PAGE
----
I’ve been drinking a lot of Dale’s Pale Ale lately, using it to soothe my gimpy back. Last night I found myself up in the mancave with a can of Dale’s and no glass. Now, I’m fanatical about using glassware when drinking beer, and have been known to take a bottle out of someone’s hand and pour it into a tulip for them. It may be borderline “beerdouchicus” behavior, but I hate to see good beer suffocated by its own packaging.
Last night was different, because my back was pretty bad, I was already in my comfy chair, and a painful trip down and back up the stairs stood between me and a proper vessel.
So I decided to rough it, and I cracked open the can and took a sip. Sure, the full bouquet of the beer was muted, but it was still a pretty tasty dose of medicine. As I sat there feeling like a mainstream beer drinker (which is the nicest way I can put it), it occurred to me that cans are a pretty mainstream vessel.
Beer aficionados have long considered cans to be inferior to bottles. For many years you couldn’t find a truly “craft” beer in a can – they were for the Buds and Natty Light’s of the world, not the Sam Adamses or the Anchor Steams.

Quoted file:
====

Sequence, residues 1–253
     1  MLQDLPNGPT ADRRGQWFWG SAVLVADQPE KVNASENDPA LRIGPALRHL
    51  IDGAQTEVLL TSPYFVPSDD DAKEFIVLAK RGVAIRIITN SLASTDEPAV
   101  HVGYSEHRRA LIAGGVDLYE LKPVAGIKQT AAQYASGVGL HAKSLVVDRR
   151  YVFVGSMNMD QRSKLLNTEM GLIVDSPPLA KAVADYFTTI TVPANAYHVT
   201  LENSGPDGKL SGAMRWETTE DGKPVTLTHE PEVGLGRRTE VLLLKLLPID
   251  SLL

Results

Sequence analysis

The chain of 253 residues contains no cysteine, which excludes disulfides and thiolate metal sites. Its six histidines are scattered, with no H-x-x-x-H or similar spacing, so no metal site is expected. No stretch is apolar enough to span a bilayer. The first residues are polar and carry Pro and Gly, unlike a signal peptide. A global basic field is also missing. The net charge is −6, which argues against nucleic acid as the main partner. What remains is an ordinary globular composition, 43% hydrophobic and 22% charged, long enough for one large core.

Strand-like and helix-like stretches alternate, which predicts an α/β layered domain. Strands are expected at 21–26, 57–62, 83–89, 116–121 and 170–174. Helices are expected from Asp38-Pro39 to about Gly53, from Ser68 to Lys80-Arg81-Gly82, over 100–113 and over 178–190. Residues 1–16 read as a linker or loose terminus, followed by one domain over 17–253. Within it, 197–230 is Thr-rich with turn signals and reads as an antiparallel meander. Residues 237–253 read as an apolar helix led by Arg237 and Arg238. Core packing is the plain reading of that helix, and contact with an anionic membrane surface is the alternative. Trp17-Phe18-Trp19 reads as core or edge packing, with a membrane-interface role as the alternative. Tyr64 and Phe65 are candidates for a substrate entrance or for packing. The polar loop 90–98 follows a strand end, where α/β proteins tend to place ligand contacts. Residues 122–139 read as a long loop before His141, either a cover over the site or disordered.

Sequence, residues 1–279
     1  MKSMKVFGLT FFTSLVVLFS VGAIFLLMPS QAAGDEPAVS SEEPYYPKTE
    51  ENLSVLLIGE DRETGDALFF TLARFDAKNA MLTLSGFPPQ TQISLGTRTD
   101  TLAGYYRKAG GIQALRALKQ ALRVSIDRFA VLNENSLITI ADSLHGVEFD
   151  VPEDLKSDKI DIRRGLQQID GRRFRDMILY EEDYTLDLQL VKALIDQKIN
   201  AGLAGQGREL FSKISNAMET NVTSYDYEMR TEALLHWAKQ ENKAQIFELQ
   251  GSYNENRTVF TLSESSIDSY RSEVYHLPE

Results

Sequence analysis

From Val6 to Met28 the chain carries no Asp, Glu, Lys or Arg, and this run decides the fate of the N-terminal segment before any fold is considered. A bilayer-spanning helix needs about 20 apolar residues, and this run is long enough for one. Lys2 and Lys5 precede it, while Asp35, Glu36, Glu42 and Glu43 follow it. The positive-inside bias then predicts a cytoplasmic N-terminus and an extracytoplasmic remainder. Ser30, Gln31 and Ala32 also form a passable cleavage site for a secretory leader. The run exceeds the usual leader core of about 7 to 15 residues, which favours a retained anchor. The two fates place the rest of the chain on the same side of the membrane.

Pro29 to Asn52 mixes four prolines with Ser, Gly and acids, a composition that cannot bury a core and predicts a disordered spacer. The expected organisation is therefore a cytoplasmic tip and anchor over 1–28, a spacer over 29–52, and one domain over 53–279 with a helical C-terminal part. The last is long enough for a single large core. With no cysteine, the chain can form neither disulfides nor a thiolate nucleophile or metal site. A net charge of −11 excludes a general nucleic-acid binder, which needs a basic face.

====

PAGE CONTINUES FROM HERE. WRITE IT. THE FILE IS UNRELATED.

This perception is changing, and beer geeks are learning that cans are actually superior to bottles in every way – light protection, ease of storage, environmental friendliness, durability, you name it. All except one: Image.
Put a can of Avery White Rascal next to a bottle of the same beer, and I bet most beer geeks would reach for the bottle. Even though we know that cans are superior, we’ve been trained that real geeks go for the glass. It’s ingrained in our psyches – fancy beers come in bottles. I’ll admit that every time I crack open a can of Dale’s Pale Ale, I feel a sense of folksy pride, like I’m a regular guy enjoyin’ a good old-fashioned ‘Merican beer.
I wonder if this goes the other way as well. I wonder if folks who drink only canned beer might not try some craft selections if they’re offered in cans. These guys and gals might think bottles are for metrosexual high-falutin’ Mini Cooper drivers, not salt of the earth types like them. Nothing says “unpretentious” like a can, just like nothing says “fancy man” like a corked bottle of beer. If the price is right, they might bite.
I doubt the potential mainstream appeal of cans has factored into breweries deciding to package their wares in aluminum, but I wonder if it’ll help craft beer cross over more quickly into Middle America.
I guess we’ll know for sure when you can get Back in Black at Wal*Mart and we see Dale Earnhardt Jr. piloting the Oskar Blues Chevy in the Talladega 500. They’d probably sell a bunch of product then, as race fan’s would figure Dale’s Pale Ale was his daddy’s recipe!